US: Supreme Court broadens scope of case against census citizenship question - PressFrom - US

USSupreme Court broadens scope of case against census citizenship question

00:05  16 march  2019
00:05  16 march  2019 Source:

Federal court rules against citizenship question in Census

Federal court rules against citizenship question in Census Democrats had argued that adding a citizenship question would discourage undocumented immigrants from responding , which could therefore affect the state's congressional representation. Seeborg agreed with that rationale, calling the addition of the question "arbitrary and capricious." He also said that the question "affirmatively interferes with the actual enumeration and fulfills no reasonable governmental purpose," therefore violating the Enumeration Clause, which calls for the regular counting of American citizens.

WASHINGTON — The Supreme Court agreed on Friday to decide whether the Trump administration may add a question about citizenship to the 2020 census questionnaire that will be sent to every household in the nation.

The US Supreme Court said on Friday that it will take up a case related to the decision to include a question about citizenship on the next census .

Supreme Court broadens scope of case against census citizenship question© Mary F. Calvert Image: U.S. Commerce Secretary Wilbur Ross testifies at a House Oversight and Reform Committee hearing

The U.S. Supreme Court on Friday announced that it is expanding the scope of the case against the Trump administration's decision to add a citizenship question to the 2020 census, agreeing to decide whether the move violated the Constitution.

The move comes after a federal judge in California ruled earlier this month that Commerce Secretary Wilbur Ross, whose agency oversees the census, violated the Constitution's Enumeration Clause because it prevents the government from conducting an accurate count of every living person in the country.

Democratic lawmakers grill Ross on citizenship question

Democratic lawmakers grill Ross on citizenship question Democratic lawmakers accused Commerce Secretary Wilbur Ross on Thursday of secretly orchestrating the addition of a citizenship question to the 2020 census, citing an email they say shows he misled Congress about the decision.Rep. Elijah Cummings of Maryland, the chairman of the House oversight panel, said documents show Ross engaged in a campaign to add the question from the first days he joined the Commerce Department."These documents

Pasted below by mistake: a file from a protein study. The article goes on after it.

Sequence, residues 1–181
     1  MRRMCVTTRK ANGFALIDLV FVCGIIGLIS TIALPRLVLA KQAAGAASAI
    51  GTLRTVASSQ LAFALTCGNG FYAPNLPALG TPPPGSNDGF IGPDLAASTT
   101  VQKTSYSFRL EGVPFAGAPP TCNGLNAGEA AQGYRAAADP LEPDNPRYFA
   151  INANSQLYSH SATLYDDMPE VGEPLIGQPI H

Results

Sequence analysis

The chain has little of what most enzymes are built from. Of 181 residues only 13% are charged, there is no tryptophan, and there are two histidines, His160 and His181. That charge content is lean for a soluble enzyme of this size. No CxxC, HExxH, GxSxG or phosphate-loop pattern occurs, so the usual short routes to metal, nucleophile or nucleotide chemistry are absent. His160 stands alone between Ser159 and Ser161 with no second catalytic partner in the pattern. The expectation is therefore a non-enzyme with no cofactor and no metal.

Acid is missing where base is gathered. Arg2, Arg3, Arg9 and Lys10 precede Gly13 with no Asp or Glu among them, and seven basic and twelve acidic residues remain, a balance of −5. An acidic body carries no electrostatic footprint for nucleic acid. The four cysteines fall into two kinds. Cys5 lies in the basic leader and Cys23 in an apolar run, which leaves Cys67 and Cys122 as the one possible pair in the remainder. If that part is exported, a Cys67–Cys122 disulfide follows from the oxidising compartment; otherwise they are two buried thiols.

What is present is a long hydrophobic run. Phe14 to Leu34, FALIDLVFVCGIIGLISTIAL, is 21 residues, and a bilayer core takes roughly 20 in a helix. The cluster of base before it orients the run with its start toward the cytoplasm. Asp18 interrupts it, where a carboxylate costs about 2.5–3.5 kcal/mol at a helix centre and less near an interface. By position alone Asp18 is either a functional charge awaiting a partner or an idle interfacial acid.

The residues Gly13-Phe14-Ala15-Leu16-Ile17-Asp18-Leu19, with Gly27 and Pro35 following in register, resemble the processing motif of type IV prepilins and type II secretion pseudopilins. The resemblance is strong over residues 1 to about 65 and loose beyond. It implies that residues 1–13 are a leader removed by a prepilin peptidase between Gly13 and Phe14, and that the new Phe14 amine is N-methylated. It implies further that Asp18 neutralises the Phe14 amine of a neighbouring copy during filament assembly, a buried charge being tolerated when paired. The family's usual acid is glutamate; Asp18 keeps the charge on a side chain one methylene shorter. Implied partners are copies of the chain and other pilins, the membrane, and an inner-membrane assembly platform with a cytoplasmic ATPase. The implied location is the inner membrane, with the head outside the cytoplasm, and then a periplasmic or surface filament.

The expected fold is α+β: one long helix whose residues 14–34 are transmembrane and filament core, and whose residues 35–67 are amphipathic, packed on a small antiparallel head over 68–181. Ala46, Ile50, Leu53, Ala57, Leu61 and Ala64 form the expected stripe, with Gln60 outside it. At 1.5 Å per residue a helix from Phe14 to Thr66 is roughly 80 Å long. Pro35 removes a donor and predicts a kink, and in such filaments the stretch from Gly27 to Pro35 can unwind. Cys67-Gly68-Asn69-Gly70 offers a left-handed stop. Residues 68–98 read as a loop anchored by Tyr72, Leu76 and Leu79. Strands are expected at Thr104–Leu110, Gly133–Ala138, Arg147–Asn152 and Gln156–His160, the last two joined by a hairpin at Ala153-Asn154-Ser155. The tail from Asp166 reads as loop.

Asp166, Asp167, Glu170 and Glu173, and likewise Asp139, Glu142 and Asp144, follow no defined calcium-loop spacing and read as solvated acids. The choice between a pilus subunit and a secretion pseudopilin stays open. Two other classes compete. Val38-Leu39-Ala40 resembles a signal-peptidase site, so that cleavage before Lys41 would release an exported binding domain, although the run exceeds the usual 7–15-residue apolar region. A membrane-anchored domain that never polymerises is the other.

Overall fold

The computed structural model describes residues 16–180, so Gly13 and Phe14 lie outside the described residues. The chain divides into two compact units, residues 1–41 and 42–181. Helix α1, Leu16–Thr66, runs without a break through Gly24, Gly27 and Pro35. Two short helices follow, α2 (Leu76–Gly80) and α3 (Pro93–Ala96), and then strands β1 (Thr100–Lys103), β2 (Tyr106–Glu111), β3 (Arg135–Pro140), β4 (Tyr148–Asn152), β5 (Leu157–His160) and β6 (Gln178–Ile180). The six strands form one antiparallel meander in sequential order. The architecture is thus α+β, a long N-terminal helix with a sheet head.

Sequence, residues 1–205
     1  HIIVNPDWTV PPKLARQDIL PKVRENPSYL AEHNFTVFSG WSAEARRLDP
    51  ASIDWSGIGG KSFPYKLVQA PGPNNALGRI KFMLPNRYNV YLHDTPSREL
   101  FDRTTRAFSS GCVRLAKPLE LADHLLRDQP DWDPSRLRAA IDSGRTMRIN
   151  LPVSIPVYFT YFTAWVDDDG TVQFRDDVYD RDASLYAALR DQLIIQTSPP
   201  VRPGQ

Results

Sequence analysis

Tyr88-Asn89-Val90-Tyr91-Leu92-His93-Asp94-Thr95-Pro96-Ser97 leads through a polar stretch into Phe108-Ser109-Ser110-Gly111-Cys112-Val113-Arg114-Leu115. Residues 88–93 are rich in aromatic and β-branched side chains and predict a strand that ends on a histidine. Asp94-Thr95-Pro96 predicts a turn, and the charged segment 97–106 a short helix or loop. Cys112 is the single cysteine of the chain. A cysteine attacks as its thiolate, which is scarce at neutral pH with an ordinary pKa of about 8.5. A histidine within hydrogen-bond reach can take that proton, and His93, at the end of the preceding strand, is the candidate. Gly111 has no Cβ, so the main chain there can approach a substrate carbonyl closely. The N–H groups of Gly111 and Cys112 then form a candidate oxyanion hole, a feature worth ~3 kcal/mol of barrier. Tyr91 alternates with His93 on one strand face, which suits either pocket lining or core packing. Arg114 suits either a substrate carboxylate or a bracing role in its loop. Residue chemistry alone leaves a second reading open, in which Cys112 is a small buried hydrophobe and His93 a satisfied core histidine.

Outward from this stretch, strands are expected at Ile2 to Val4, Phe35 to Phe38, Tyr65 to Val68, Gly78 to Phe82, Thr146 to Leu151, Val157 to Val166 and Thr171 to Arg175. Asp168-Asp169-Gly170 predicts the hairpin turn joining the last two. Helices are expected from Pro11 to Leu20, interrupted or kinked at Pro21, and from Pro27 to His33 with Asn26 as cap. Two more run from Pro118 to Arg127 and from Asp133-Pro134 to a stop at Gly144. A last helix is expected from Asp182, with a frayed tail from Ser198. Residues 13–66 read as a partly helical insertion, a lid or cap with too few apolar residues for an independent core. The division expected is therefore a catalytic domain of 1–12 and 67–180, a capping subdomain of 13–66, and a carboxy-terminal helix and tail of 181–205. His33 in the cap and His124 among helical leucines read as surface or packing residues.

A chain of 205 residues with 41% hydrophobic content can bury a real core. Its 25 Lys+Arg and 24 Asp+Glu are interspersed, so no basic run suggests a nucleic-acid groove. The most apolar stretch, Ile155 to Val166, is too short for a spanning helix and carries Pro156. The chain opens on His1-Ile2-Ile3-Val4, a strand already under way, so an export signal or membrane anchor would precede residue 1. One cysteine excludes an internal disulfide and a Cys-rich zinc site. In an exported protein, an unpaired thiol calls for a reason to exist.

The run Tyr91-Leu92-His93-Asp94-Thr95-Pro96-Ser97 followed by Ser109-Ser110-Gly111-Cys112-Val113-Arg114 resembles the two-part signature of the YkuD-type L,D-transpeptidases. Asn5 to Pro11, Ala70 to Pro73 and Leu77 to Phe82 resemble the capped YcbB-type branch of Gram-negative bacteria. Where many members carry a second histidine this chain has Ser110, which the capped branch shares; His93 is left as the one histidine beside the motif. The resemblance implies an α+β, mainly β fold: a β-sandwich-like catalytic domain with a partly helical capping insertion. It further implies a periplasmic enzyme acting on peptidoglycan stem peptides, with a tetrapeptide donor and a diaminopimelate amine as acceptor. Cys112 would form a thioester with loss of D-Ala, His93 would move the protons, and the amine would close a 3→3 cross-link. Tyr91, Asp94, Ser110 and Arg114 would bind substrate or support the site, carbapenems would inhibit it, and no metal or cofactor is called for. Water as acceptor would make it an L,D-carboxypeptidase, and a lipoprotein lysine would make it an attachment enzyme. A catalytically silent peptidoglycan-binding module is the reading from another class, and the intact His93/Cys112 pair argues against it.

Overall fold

Supreme Court To Weigh In On Dispute Over Census Citizenship Question Evidence. A seven-day trial for the New York cases ended a day before the high court announced its order. Furman was expected to issue his final ruling shortly after closing arguments, which are set to take place on Nov.

The Trump administration has asked the Supreme Court to block Commerce Secretary Wilbur Ross from having to face a deposition on the decision to reinstate a citizenship question on the 2020 census .

A New York federal judge also blocked the administration from including the question, ruling this past January that Ross "violated the public trust" by adding it. The judge called Ross' decision "arbitrary and capricious" because it would "materially reduce response rates among immigrant and Hispanic households."

Ross has argued that the question was added at his direction after he received a letter from the Justice Department in late 2017 that said the data was needed to properly enforce the Voting Rights Act. Ross came under intense scrutiny for the move and recently defended his rationale during a fiery congressional hearing.

The Supreme Court previously said it would examine whether the question violated federal administrative law. The court will hear arguments in the case in April and rule before its term ends in June.

Last year, a coalition of 17 states, Washington, D.C., and six cities sued the Commerce Department, citing a concern that fewer immigrants will respond to the survey and therefore decrease the accuracy of the 2020 census, which determines funding allocation and how political districts are drawn. Civil and immigrant rights groups also sued to block the question.

Supreme Court takes on racial gerrymander claim in Virginia.
The Supreme Court will delve into the issue of racial gerrymandering Monday when the justices review a lower court opinion that struck down Virginia district maps as a violation of the Constitution. At issue are 11 maps drawn by the House of Delegates in 2011 that were successfully challenged by registered voters in each district.

—   Share news in the SOC. Networks

Topical videos:

usr: 1
This is interesting!